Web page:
The temperature reached 54 F today at our house, and that combined with a nearly cloudless sky made for a spectacular day for us in the Colorado Front Range Foothills. It was a little breezy with peak winds around 35 mph.And this evening we were treated to a spectacular slightly-larger-than-normal moon rise. Even if you are sheltering in place, there is still plenty to be grateful for – particularly that we live in Colorado!
The 500 mb chart tells the story about why it has been unseasonably mild this week:
Nederland and much of Colorado are located under a warm ridge out ahead of a deep upper level storm off of the Southern California coast. The confluence in the upper level winds right over the central Rockies has also resulted in sinking or subsiding air and the relatively cloudless sky we have been enjoying.
The movement of the cutoff low off of the California coast will be the key to our forecast later this week. Deep upper level systems like this one tend to wobble around and can actually move from east to west, something called retrograde motion. Forecast models struggle with them. Eventually this low is expected to weaken and open up into a southern stream trough which will get ejected into the southern United States. Meanwhile a strong short wave will be diving into Rockies on Saturday, bringing much, much colder air to Colorado on Sunday and Monday. The question mark is how – if at all – these two systems will interact. Some models are phasing (or combining them), producing a decent upslope snowstorm here in Nederland on Sunday. Some models are not phasing these two systems, resulting in not much snow but still a lot of cold air. Both Dark Sky and Weather Underground are hinting at a 6 to 10 inch spring snowstorm. But given that this storm is still 4 to 5 days off and that there is a lot of uncertainty, my inclination is to not play this one up yet. Confidence is low. What is fairly certain is that it is going to get much colder late in the weekend, so enjoy this mild weather while it lasts.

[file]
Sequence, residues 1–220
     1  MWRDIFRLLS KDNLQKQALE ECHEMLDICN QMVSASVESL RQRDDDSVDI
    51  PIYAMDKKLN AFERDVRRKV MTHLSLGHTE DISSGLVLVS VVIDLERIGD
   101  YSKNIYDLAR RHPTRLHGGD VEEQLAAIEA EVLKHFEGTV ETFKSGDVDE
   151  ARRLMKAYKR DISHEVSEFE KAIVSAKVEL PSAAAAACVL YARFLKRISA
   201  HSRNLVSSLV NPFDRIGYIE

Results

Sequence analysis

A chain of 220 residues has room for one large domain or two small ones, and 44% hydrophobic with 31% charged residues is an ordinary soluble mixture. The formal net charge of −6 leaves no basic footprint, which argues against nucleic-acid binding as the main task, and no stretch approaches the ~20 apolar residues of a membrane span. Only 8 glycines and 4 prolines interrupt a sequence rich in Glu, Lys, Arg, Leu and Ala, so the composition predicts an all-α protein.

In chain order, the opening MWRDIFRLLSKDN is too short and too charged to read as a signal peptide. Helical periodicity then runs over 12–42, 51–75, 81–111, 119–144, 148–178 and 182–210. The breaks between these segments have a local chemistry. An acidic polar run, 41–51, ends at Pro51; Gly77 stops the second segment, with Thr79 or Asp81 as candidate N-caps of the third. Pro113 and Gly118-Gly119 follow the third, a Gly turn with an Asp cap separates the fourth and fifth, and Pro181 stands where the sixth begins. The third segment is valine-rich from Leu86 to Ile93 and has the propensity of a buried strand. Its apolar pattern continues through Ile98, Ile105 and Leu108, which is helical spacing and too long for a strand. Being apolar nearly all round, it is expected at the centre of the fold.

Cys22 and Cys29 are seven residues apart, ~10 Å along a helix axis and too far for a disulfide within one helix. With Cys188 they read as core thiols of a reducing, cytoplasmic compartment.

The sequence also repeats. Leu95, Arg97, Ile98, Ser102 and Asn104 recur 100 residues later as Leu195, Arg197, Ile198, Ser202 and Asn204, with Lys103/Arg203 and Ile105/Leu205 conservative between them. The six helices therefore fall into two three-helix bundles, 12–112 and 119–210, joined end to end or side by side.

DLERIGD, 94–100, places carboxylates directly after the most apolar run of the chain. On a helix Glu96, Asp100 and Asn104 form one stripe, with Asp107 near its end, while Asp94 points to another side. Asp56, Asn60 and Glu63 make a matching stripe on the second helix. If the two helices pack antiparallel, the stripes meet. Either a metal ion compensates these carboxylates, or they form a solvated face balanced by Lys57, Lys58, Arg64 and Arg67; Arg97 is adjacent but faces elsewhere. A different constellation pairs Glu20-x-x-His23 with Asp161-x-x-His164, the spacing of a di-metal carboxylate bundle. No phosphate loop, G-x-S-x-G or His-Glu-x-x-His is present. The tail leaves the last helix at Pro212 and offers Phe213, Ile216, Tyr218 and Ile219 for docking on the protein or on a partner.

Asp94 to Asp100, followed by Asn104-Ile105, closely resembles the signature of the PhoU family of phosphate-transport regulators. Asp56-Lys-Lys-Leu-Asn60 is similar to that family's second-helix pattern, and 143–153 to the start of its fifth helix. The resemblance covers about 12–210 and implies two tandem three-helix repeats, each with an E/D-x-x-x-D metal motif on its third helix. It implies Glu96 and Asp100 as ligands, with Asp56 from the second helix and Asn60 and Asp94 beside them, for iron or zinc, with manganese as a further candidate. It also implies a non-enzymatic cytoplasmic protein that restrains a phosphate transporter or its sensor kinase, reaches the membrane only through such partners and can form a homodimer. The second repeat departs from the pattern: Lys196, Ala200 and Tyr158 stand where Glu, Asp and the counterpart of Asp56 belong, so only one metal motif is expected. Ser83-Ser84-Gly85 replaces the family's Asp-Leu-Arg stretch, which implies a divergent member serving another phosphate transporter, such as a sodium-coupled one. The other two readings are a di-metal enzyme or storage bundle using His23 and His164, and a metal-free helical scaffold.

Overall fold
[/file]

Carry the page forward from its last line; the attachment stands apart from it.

Here is the forecast from Weather Underground: